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Problems for the Obama Juggernaut?

Despite Barack Obama's win in the Oregon primary, the results from tonight's Kentucky Democratic presidential primary are stark.

Hillary Rodham Clinton drubbed Obama among the very white working class voters who helped Clinton claim victories in Ohio, Pennsylvania and West Virginia.

Consider these findings from the exit polling:

* Among Kentucky voters living in rural areas or small cities -- nearly six in 10 voters -- Clinton took 75 percent to 19 percent.

* Among non-college educated whites in Kentucky (66 percent of the electorate), Clinton won by 44 points -- 69 percent to 25 percent.

* Among whites with a family income less than $50,000, Clinton received 75 percent of the vote while Obama took just 22 percent.

Obama allies insist these sorts of staggering numbers aren't meaningful when it comes to understanding the general election playing field. Obama spent very little time in West Virginia or Kentucky, they argue, and when and if he does this fall the numbers will move up accordingly. They also note that Obama fought Clinton to a draw in Oregon with whites who make under $50,000 and among non college educated white voters, according to exit polling in the Beaver State.

Perhaps. But Obama's struggles in winning over white working class voters in the Rust Belt has to be on the mind of party strategists who recognize the importance of Ohio, Michigan and Pennsylvania -- each of which has a considerable number of these types of voters -- to their general election calculus.

Putting aside which candidate you support, should the results of Kentucky (and West Virginia) be of concern to Democrats looking to win back the White House in November? Why or why not?

By Chris Cillizza  |  May 20, 2008; 11:26 PM ET
Categories:  Eye on 2008  
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Next: Winners and Losers: Kentucky and Oregon

Comments

Yo Pablo

In case you were asleep, Loser Gore got more votes than moron Bush.

Posted by: tricoastal | May 24, 2008 12:00 AM | Report abuse

What WVa and KY show is that there are certain critical demographics Obama cannot penetrate. More importantly, though, he claims not to try, which is even more alienating to these voters. Yet he spent millions of dollars in both WV and KY. In other words, his behavior of avoiding areas of conflict but using $$ to try to gain the vote has not succeeded. What is he going to do in the General Election when he has to confront possibly hostile voters face-to-face? Obama has not shown himself to be strong in facing confrontation, or and he is not "quick on his feet." Primaries attract a lower percentage of voters than the GE and Obama's victories have tended to be in the lower turnout states. If only 30% of Democratic voters turn out in a primary, and that is high, Obama needs to be concerned with the majority who didn't turn out, most of them white and working to middle class. Most people are not college educated, or if they are, are more like those college educated students in KY who went for Clinton.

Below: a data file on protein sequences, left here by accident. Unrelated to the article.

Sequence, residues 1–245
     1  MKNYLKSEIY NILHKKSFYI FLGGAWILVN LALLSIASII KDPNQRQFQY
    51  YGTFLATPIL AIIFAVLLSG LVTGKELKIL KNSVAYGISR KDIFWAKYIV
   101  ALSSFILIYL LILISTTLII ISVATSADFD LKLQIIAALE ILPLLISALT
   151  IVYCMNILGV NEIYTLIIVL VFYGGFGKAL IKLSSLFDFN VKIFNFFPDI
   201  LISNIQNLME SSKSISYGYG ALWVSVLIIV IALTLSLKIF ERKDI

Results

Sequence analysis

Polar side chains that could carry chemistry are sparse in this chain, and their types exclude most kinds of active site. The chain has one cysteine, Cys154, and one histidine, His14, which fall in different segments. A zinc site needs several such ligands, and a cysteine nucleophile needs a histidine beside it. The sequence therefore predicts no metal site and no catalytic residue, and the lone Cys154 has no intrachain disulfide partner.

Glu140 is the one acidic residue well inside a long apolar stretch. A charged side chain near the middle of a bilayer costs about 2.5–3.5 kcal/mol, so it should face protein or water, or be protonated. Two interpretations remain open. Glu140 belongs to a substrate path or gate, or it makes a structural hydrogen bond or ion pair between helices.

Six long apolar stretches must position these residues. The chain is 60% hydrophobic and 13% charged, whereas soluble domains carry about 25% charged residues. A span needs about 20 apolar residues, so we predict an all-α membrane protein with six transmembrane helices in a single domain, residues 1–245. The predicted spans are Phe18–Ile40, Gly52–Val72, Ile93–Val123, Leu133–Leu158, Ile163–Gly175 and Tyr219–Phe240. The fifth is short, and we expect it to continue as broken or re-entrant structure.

Posted by: Kathy | May 22, 2008 11:42 AM | Report abuse

Hillary, stay in it. You are battle-tested!

So Obama wants to pay attention to FLA and Mich, now. He acts like a spoiled child, he realized he was not going to win in those states, so he put no effort in. So why should the people of WVA, Kent, and OH want to vote for him? Ummmmmmm!

But what is really unbelieveable, he wants to split the FLA delegates. Get real, they didn't matter before! Why now? After-all Obama is looking for a running-mate. Well, he better pick someone I really respect because I certainly will have to hold my nose and cover my eyes before I vote for him.

I work everyday and I do not have the pleasure of not showing up like Obama. Hey thats a great idea! So lets calculate how much time Obama showed up for work in the Senate, and let him get those percentages of votes. Afterall- if he only gives his contiuents 30%, how much time will he give in the white house? Oh please........

Am I bitter, no. I just WILL not vote for him. Stay home in Nov? I don't know, yet.

Posted by: liz dc | May 22, 2008 11:33 AM | Report abuse

Obama,

Better realize, this is the United States, meaning everyone matters. He can look the other way and not go to WVA, Kent, OH, etc, and campaign. Guess what, the people of those states won't come out for him, no matter HOW deep his grass-roots campaign is!

Another note, How dare he think he should share in the delegate count from FLA!!!??? what nerve, he didn't care about the people from FLA or Mich because those states went to Clinton. So now, he whines and changes his mind and wants Hillary to share the pie. NO way, the people of FLA did not vote for him. If he so viable, they could have written him in.

So, stay in the race, Hillary because what matters most--is the endurance, do not quit until you cross the finish line, because its more important to finish!
You are tried and true--battle tested.

So Obama -what are you tested in? writing for the law review, submitting legislation?!! oh wait a minute, shouldn't you be present to vote on your submittals?
It must be nice to have a job that you can be abssent so much?!.

Posted by: Liz-DC | May 22, 2008 11:23 AM | Report abuse

OBAMA WON'T WIN IN NOVEMBER...AND HERE ARE 10 REASONS WHY:

1)He'll get killed over his LACK of experience
2)He'll get killed over the fact he was voted the MOST LIBERAL Senator in Congress.
3)HISPANICS won't vote for him.
4)Working-class WHITES from SWING states won't vote for him.
5)He's a 1/2 black guy, with a muslim name, who's portrayed as anti-american with his flagpin, wife, preacher, etc, from the big city. Way TOO COSMOPOLITAN for independent voters from swing states.